The Kinds of Transparent Animals There Are
The diversity of the animal world on Earth is so huge that scientists still keep discovering new species. Some of them have unusual shapes, others have peculiar colors, and many have special features to help them survive.
This 5-Minute Crafts article will tell you about the amazing creatures that have semi-transparent or completely transparent bodies.
Pharaoh ants are small, almost transparent insects of a yellow or light-brown color. They are pests because they often live in people’s homes, office buildings, and hospitals. They eat very different foods and can eat through different materials and destroy them.
These deep-water octopuses are almost completely transparent. Inside their bodies, you can see only the optic nerve, the eyes, and the digestive system. They live in sea depths where there is almost no sunlight, which is why we don’t know a lot about them.
The blackfin icefish has a few very rare features for fish. It has no scales — instead, there’s thin skin full of vessels. The blood of such fish is colorless and transparent and contains no hemoglobin. The red blood cells are usually absent, but if there are some, they are rare and don’t function. Thanks to these features, the fish seems semi-transparent.
Greta oto (glasswing butterfly)
Greta oto is a butterfly also known as the glasswing butterfly. The transparent wings let the insect blend in with the environment and hide from enemies.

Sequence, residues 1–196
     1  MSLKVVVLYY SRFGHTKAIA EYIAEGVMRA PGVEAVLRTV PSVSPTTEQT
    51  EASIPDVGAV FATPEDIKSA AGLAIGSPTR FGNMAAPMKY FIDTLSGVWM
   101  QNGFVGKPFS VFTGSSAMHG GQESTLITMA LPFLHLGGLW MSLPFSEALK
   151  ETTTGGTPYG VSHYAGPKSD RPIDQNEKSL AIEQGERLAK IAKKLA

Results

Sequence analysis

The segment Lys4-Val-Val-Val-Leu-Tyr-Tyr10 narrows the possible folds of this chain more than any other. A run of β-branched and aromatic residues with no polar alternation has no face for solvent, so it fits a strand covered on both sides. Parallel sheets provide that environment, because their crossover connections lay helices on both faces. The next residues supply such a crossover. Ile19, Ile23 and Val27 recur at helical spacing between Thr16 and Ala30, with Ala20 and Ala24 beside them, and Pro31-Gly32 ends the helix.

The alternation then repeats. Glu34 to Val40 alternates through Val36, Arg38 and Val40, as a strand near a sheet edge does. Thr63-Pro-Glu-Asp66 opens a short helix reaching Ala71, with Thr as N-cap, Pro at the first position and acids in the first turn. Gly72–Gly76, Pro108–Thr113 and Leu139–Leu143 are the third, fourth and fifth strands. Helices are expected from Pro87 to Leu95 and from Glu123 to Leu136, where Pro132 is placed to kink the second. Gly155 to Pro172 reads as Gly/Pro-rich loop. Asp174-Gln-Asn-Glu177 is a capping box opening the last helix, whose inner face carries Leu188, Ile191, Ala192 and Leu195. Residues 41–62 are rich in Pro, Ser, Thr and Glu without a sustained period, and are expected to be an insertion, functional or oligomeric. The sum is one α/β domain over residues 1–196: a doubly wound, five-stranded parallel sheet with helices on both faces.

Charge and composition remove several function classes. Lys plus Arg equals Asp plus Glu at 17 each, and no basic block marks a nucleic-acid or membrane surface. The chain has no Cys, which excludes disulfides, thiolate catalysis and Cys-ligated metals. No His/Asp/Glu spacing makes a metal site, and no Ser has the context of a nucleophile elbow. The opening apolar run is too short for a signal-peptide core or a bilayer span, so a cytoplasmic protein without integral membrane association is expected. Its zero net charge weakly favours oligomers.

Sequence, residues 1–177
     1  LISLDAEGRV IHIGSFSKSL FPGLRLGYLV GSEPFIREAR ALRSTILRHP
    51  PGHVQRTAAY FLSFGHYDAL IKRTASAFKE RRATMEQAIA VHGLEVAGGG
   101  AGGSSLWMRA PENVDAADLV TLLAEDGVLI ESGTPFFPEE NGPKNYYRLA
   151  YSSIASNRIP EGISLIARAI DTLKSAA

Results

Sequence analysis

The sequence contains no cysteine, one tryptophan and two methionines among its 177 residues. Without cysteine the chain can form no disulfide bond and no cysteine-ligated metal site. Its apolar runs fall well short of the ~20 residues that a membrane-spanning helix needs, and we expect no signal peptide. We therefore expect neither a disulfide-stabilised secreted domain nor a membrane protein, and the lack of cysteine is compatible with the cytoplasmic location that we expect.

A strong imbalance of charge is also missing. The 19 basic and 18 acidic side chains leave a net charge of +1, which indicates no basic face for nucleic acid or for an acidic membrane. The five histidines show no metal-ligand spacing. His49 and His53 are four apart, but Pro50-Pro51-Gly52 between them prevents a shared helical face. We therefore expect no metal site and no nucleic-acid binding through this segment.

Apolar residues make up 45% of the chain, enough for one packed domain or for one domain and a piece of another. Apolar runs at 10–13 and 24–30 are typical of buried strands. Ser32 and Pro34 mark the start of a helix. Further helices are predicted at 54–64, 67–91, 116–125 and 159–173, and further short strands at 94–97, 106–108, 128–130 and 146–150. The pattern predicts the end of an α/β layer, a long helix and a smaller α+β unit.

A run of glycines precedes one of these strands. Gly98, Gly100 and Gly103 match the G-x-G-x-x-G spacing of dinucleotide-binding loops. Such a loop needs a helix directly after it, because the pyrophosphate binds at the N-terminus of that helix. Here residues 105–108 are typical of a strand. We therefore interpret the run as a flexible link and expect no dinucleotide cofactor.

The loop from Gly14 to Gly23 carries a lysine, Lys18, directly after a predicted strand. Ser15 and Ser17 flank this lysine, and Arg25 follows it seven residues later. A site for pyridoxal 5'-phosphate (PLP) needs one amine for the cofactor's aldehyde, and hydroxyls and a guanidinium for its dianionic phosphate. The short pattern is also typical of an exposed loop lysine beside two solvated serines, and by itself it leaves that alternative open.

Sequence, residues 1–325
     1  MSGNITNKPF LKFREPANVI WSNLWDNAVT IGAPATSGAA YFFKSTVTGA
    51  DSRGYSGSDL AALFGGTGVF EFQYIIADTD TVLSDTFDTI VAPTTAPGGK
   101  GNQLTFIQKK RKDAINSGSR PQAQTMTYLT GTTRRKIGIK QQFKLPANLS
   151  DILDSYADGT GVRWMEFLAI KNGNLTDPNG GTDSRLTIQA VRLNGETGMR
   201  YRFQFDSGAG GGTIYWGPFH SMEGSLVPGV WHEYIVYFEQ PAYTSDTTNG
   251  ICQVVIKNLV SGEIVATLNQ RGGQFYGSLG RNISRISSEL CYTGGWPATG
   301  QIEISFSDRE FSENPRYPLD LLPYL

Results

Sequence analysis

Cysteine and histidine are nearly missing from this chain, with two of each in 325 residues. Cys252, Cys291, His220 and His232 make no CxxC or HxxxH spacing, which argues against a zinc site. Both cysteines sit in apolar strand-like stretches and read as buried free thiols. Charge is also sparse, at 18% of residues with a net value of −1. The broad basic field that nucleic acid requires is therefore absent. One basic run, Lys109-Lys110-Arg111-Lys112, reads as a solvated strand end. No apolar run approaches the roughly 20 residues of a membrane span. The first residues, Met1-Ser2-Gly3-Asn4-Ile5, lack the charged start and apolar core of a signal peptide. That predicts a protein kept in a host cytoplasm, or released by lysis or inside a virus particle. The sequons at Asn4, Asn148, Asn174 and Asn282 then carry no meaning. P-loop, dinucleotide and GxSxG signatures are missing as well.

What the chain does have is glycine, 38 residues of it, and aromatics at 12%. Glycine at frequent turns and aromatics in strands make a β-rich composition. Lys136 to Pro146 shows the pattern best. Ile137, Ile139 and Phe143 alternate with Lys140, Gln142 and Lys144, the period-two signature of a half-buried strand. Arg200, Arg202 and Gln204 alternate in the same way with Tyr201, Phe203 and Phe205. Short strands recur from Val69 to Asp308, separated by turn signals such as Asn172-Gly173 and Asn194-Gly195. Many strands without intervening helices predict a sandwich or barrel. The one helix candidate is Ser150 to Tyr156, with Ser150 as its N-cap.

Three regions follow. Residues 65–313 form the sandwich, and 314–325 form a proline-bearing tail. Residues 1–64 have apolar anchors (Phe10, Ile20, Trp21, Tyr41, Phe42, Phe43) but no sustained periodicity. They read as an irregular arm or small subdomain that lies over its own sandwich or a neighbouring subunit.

Transparency is a rare phenomenon found in very few butterflies that use mimicry to scare away predators.
Pleurobrachia bachei, also known as the sea gooseberry, is a small animal-like Ctenophora that can be seen primarily in the surface waters of the coastal NW Pacific.
Their bodies are 99% water. They have 2 tentacles lacking stinging cells.
Portuguese man o’ war
Portuguese man o’ war is a marine hydrozoan found in the Atlantic Ocean and the Indian Ocean. The sting of this species can be lethal, even for big creatures.
The semi-transparent bubbly thing at one end of a colony can reach up to 30 cm. It’s filled with gas that allows it to float.
Ghost shrimp (glass shrimp)
These shrimp live in fresh water or a bit salty water, usually in lakes. They are quite small — they only reach up to 2.5 cm and are very transparent. By controlling the pigments on their bodies, ghost shrimp can disguise themselves to look like surrounding objects.
Sea angels are a large group of extremely small, swimming sea slugs living in the cold waters of the Northern Hemisphere. They have small (up to 5 cm) transparent bodies without a shell with 2 wing-like flapping appendages (parapodia). They eat other small clams.
Leptocephalus is the larva of eels. Unlike many other fish, eels spend a longer time (anywhere from 3 months up to 1 year) in the larva stage. So these larvae have a completely transparent body, are flat on the sides, and have fang-like teeth. Their blood doesn’t have red cells until the larva turns into an adult fish.
Glass frogs living in Central and South America got their name thanks to their semi-transparent, yellow-green skin. You can see all the main organs through the skin, including the digestive tract, liver, and beating heart.
The Turritopsis dohrnii jellyfish is considered to be immortal. They start their lives as larvae that settle down, forming a colony of polyps that are attached to the seafloor. The polyps form buds that turn into jellyfish that can move freely in the water. If a jellyfish gets sick, gets attacked by a predator, or starts to get old, it can return to the stage of a polyp and be reborn.
Theoretically, this process can go on forever, which makes this jellyfish biologically immortal. Of course, it might die if it’s eaten by a predator.